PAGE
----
Fear and “Otherism”

Ethnocentrism is the action of judging another culture based on the views of one’s own. This is a major obstacle in facilitating humanitarian aid to other countries. Being a citizen in a third world country and suddenly seeing a group of well-dressed Caucasians imposing their various forms of aid upon you will often be unwelcomed and can come off as intimidating. Working among people from vastly different cultures can be extremely difficult for those giving and receiving aid. Ethnocentrism is a major contributor to aid inefficiency, as evident throughout Abu-Sada’s “In the Eyes of Others.” A great way to make humanitarian aid more economical is to stay educated, open-minded, and eliminate the unconscious feeling of superiority that ethnocentrism can often put across.

In SOC111 with Dr. Arcaro, I learned about the concept of “otherism” and how it is connected to ethnocentrism. Otherism is the overarching term that describes various prejudices such as racism, classism, and sexism. It’s the sometimes inhuman feelings we have towards another who is different from us for any reason. There are a number of ideas that contribute to the various forms of otherism. For example, one of the leading arguments for sexism is human biology – women should stay home and raise kids since they are the ones who birth them. After discussing otherism and its varying subcategories, the idea that was always present was fear. Evolutionary psychology would constitute that “[it’s] human instinct to fear ‘the other’” (Arcaro). This “fear” manifests itself on both sides of humanitarian aid, though in vastly different ways.

For the inhabitants receiving support and assistance, fear becomes evident through intolerance, sometimes leading to violence. In the very first paragraph of “In the Eyes of Others,” Abu-Sada mentions how five MSF staff members were killed in Afghanistan, in an area that they had been working out of for the past 25 years (10). Because of this incident, MSF was forced to rethink its role in some of the areas in which they provide development assistance – principally, how they are perceived by the surrounding culture.

For the groups that provide humanitarian aid, fear will often emanate itself in an unconscious feeling of superiority. This is called counteranthropomorphization: or that idea that “just because A≠B, does this mean A>B?” (Arcaro). Of course no aid worker would be able to admit this to someone else, let alone his or herself. Part of actively being a global citizen is staying unbiased and viewing everyone equally. When coming in direct contact with inhabitants of third-world countries and witnessing first-hand the inferior technology, economy, etc., as well as their ever-present cultural differences, it’s extremely hard to disregard these aspects and view them as equal.

In more blatant situations of superiority concerning those who give humanitarian aid, Teju Cole has coined the phrase “White Savior Industrial Complex.” Many Americans believe themselves to be “better” than citizens in third world countries, and for that reason impose support upon them to help fuel this feeling of superiority. Backing up about 200 years ago, in a time when Americans were much less open minded than today, this feeling of superiority manifested itself through the African slave trade. Americans openly believed that since A≠B, then A>B. They literally regarded blacks as less-than-human; they weren’t American citizens, they were property. Nowadays, close-mindedness is frowned upon, so many Americans turn to the facilitating of development assistance in less privileged regions to stimulate their superiority and boost their self-esteem.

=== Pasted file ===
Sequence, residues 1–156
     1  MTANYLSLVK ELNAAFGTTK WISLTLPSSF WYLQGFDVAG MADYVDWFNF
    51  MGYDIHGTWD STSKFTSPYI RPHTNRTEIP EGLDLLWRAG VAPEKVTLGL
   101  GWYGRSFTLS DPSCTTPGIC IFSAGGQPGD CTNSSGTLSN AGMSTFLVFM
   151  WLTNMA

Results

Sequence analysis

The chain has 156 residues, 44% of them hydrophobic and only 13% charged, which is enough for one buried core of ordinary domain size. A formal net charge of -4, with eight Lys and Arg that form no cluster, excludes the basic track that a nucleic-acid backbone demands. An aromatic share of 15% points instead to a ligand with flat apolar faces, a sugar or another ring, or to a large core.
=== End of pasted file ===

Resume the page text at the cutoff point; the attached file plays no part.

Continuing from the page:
The understanding and adherence to the norms of a surrounding culture is fundamental when interacting with other people. This is especially true when providing direct assistance to people in third-world countries, though also something that many agencies seem to struggle with. People that provide aid find themselves not accepted by locals because of their own ethnocentrism and ignorance of the culture they are enveloped in. This problem is only amplified when workers help others more for their own personal benefit that for the benefit of those around them; “there is much more to doing good work than ‘making a difference.’ There is the principle of first do no harm” (Cole). On a psychological level, ethnocentrism is a tough obstacle to overcome when providing aid. It’s done unconsciously because it’s human nature to “fear the other.” The fact that it’s so tough to overcome makes it that much more important. Being able to put one’s self on the same echelon as someone who is reliant on the aid of NGOs to stay alive is just one step in becoming a global citizen.

 

 

Abu-Sada, Caroline. In the Eyes of Others. N.p.: MSF-USA, 2012. Print.

Anonymous. “Confronting the Demons Of Ethnocentrism.” Tales From the Hood. WordPress, 17 June 2011. Web.

Arcaro, Tom. “Race”. Elon University. Elon, NC.  11 Apr. 2013. Lecture.

Cole, Teju. “The White-Savior Industrial Complex.” The Atlantic. The Atlantic Monthly Group, 21 Mar. 2012. Web.

Ferrante, Joan. Sociology: A Global Perspective. Belmont, CA: Wadswoth, 2008. Print.

 

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